Shopping for a new home that’s a little more energy-efficient? It might be hard to decipher between the advertising: one home is Built Green, one home is LEED certified, and then there are stars and colors and you’re stuck in the middle trying to figure it all out.
So, here’s your breakdown of what’s what when it comes to living green.
Built Green is an arm of the Master Builders Association of King & Snohomish counties. Builders that use green building techniques can pay an annual membership to join Built Green – $100 for MBA members and $250 for nonmembers.
Members of Built Green can get their homes and communities certified as a 3-star, 4-star and 5-star rated property. The ratings are decided based on a points system: for instance, using wood framed windows that are sustainably harvested gets 5 points, and pre-piping for a solar water heater earns 2 points. There are hundreds of checklist points available to earn points from, so be sure to ask the builder how many stars their property received.
LEED is more worldwide – its internationally recognized and stands for Leadership in Energy and Environmental Design. LEED homes are rated on a 100-point system with 10 bonus points, divided over the categories of sustainability, water efficiency, energy & atmosphere, materials and resources, and indoor environmental quality. For a home to be LEED certified, it must score at least 40 points. A home scoring 50 points is LEED Silver certified, 60 points is LEED Gold certified, and 80 points is LEED Platinum certified.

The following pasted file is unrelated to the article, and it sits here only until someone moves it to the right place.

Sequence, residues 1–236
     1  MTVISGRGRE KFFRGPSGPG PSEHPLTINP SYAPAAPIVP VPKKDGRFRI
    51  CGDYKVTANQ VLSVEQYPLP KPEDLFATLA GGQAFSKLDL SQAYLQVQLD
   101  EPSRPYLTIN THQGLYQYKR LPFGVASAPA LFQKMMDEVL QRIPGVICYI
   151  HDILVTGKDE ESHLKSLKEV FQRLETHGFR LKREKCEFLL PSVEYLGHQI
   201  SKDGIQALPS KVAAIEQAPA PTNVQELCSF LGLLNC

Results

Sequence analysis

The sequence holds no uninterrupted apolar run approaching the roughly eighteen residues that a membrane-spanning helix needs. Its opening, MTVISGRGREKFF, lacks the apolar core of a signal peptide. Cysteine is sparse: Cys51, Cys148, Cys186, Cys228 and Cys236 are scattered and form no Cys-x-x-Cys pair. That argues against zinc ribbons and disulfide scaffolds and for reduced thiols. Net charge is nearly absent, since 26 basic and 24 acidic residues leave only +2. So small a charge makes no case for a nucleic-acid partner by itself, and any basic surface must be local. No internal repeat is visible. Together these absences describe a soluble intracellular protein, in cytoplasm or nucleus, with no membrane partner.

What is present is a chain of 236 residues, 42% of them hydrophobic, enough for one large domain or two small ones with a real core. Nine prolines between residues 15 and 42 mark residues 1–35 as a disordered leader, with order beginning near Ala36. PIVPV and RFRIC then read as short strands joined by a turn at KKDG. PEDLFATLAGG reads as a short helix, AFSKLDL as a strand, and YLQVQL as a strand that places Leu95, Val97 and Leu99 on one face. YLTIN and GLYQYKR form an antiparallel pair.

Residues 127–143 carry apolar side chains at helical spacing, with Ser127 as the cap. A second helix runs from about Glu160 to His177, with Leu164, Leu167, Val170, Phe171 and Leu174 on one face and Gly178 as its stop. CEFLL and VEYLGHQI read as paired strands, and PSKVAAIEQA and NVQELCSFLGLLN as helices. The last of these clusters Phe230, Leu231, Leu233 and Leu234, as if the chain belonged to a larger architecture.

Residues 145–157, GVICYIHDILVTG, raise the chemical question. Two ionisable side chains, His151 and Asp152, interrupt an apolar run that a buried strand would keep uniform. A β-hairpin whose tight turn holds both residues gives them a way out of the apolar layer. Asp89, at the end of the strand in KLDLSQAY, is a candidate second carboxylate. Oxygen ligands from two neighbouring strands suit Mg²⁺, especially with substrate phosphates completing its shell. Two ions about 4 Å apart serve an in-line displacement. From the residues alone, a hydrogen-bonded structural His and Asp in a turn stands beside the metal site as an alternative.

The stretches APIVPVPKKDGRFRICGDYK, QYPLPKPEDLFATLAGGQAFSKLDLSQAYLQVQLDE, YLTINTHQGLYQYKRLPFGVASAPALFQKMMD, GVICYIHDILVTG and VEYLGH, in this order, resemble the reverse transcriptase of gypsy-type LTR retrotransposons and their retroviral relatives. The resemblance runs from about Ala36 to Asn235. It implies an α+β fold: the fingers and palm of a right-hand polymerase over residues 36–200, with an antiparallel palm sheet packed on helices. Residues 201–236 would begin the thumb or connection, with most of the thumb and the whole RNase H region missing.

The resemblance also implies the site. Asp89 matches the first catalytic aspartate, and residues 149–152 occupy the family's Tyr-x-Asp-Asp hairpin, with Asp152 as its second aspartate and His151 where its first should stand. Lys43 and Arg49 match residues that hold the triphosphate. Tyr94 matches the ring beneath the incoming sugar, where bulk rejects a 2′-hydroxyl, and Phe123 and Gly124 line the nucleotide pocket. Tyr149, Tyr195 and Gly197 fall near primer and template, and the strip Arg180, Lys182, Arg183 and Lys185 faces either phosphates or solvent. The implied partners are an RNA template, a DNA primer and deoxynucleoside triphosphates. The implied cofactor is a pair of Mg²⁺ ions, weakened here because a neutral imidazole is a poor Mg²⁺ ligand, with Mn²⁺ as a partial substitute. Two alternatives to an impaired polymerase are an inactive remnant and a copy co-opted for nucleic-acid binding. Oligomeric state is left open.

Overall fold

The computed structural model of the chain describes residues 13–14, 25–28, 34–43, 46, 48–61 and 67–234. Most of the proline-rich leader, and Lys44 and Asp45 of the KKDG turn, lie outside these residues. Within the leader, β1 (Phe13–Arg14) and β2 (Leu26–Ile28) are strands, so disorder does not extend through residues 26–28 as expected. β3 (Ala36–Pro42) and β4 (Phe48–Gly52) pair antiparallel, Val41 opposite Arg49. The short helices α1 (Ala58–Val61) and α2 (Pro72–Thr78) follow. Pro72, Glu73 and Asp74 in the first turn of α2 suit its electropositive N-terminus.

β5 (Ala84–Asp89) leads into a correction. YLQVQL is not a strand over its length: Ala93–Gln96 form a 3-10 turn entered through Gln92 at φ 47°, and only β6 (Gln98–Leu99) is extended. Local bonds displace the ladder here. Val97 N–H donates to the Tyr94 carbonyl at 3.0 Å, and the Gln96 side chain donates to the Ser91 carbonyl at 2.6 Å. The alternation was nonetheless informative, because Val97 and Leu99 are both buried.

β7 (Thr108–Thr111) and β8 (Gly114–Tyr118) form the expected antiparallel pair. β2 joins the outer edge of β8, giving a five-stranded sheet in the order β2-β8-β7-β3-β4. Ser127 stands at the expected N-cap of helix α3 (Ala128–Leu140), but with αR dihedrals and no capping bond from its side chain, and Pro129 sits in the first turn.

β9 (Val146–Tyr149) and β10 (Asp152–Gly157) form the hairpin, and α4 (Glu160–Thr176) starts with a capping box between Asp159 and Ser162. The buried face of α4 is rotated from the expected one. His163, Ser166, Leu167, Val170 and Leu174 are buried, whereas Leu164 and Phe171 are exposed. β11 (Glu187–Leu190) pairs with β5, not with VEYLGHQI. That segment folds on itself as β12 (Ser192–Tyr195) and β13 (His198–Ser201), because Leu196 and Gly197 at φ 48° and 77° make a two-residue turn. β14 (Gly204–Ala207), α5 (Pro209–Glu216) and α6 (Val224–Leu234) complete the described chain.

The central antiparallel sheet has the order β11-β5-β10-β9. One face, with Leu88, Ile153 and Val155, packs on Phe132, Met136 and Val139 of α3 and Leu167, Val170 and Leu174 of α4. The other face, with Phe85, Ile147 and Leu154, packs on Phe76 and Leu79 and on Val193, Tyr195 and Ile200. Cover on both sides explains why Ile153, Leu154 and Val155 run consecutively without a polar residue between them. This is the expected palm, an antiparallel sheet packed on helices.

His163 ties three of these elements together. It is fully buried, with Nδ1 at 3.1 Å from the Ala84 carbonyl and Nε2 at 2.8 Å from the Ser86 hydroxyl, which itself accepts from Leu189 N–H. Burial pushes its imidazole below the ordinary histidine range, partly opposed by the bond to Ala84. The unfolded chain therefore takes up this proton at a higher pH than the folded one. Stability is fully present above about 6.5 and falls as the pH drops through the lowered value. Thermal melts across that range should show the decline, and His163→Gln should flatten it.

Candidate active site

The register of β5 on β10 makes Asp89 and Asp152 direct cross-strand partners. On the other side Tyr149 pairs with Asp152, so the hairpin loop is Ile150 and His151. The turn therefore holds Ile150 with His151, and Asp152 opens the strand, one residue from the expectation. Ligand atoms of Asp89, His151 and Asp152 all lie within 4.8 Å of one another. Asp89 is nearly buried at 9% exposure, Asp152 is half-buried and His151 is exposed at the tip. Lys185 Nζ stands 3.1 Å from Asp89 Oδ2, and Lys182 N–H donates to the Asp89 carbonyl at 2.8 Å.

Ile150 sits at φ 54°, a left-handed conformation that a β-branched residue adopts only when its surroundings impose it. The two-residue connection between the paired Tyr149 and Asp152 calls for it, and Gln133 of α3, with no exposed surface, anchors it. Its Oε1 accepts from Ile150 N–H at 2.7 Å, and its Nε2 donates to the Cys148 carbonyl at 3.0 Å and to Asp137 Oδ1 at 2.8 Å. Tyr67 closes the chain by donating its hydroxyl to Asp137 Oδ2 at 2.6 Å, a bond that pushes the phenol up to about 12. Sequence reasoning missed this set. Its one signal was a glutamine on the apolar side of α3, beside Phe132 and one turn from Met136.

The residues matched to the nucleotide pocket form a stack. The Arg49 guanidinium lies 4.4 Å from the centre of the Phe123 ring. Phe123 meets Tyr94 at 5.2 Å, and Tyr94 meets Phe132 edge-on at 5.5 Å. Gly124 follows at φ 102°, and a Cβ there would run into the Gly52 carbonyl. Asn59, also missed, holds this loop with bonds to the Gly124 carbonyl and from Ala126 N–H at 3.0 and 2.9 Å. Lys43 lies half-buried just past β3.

Of course, even if a home isn’t certified by a special organization, it can still be “green” in many ways – look for Energy Star rated windows and appliances, plus green building techniques to help save the planet and your pocketbook. If you’re doing a remodel job you can help be green too – you can recycle almost all the waste you produce from a remodel job!